Patient 5

A 14-month-old boy was admitted to the hospital with complaints of cough and unexplained severe coagulopathy. Further examination found pleural and pericardial effusion and extensive lesions of the lungs and spleen. Pericardiocentesis and platelet transfusion were performed to control symptoms. Coagulation function improved, but respiratory function gradually deteriorated after splenectomy. At the same time, the diagnosis of KLA was established. Sirolimus (initial dose of 0.8 mg/m2 twice daily) monotherapy was administered, and the lesions of the lungs shrunk with symptoms ameliorated after 6 months of treatment, suggesting that sirolimus was effective in this case. He experienced no sirolimus-related adverse events during the treatment period. He is still being treated with sirolimus.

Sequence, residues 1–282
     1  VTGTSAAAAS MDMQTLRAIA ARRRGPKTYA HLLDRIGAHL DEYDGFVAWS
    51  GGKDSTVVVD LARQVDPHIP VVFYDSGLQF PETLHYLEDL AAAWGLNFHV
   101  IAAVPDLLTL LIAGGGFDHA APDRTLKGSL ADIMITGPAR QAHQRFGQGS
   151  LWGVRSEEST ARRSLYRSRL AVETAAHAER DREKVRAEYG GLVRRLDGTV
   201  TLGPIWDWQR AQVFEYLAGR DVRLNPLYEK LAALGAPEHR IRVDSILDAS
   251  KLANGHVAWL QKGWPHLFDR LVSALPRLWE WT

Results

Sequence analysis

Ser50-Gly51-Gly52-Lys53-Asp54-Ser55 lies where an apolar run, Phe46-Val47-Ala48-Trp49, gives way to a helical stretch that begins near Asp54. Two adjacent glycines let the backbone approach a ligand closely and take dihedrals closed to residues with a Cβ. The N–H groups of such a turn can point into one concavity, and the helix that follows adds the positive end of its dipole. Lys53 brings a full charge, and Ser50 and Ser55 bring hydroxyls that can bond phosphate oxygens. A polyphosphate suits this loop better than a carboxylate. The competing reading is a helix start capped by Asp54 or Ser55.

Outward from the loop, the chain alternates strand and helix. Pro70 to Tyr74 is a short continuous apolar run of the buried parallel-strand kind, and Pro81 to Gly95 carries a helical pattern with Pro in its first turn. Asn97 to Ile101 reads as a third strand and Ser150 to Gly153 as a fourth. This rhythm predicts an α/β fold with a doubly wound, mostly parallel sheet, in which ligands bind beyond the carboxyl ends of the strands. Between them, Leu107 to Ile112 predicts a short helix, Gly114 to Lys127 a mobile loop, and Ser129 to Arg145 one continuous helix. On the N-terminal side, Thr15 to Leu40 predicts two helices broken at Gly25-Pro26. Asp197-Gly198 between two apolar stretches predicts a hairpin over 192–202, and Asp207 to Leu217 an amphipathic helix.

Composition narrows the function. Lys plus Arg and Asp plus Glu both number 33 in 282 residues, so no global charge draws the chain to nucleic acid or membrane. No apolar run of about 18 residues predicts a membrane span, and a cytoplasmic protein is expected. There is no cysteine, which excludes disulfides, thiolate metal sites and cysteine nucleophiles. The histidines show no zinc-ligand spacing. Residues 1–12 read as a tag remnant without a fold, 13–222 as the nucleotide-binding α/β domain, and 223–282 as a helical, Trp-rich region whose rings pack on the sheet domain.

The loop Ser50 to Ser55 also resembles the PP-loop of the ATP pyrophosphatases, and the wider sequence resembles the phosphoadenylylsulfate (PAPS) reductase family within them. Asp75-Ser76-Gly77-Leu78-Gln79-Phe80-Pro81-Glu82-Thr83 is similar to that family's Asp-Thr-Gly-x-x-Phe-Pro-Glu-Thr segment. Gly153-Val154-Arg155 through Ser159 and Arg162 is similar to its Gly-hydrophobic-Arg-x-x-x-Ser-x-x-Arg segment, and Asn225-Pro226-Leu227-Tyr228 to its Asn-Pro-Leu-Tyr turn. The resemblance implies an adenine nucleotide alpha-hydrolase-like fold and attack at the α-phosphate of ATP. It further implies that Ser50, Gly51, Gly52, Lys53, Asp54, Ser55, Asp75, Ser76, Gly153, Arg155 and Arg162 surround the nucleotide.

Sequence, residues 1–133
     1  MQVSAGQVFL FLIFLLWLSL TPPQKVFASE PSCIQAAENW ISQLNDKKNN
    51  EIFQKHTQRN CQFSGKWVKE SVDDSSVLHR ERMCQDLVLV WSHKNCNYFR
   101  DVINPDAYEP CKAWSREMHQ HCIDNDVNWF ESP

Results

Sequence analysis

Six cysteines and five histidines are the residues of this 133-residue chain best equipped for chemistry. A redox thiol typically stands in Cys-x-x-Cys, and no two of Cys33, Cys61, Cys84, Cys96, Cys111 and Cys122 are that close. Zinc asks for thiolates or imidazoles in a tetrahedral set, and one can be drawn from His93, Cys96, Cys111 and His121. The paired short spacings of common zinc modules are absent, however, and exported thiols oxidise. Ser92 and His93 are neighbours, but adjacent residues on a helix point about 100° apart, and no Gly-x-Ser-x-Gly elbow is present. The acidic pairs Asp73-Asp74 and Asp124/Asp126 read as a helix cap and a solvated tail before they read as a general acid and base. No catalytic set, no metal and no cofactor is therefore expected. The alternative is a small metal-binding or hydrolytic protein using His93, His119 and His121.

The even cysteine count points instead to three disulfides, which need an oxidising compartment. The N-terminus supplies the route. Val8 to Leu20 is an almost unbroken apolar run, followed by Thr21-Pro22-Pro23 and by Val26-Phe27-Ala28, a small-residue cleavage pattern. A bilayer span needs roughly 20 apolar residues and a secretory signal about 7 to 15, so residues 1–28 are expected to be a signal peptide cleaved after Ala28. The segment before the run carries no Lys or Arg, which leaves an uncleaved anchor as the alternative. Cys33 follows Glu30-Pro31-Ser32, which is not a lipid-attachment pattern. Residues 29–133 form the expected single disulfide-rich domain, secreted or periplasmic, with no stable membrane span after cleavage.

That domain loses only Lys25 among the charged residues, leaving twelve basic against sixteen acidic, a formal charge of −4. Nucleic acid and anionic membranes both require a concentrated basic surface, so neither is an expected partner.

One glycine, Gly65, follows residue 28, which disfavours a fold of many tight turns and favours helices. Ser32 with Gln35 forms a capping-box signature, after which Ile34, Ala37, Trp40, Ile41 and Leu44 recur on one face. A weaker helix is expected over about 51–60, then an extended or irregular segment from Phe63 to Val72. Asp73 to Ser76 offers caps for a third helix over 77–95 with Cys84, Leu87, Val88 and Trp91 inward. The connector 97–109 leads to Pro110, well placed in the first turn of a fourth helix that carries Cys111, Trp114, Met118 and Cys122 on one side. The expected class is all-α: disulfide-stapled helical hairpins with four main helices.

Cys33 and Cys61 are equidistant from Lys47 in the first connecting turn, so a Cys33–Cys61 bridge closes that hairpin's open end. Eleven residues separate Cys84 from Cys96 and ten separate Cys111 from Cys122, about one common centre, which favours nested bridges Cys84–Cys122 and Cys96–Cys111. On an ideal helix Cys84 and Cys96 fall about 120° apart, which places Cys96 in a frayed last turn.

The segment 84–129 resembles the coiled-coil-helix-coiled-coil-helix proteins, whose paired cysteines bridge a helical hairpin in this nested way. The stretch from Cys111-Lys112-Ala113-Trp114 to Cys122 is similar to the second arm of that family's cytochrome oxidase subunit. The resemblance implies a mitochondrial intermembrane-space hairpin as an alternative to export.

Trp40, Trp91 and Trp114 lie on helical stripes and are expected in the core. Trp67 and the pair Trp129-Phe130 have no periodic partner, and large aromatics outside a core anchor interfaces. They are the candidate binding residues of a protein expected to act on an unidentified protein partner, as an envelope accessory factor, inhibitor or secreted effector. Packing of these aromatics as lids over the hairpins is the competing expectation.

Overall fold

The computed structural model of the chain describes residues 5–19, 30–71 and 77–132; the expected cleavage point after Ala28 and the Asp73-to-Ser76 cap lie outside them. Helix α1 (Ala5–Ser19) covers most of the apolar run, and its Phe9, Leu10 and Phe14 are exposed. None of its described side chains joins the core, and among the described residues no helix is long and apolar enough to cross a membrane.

Patient 6

This 4-year-old boy presented with cough and was found to have left lung and mediastinal lesions with coagulopathy. After multidisciplinary discussion, the diagnosis of KLA was confirmed. He was treated with vincristine, but he had no response. He was subsequently treated with sirolimus (initial dose of 0.8 mg/m2 twice daily) plus short-term (4 months) prednisone (2 mg/kg/d) and had disease stabilization during 4 years of follow-up. He experienced upper respiratory tract infection and self-healing oral mucositis. Currently, he is still undergoing sirolimus monotherapy.

Patient 7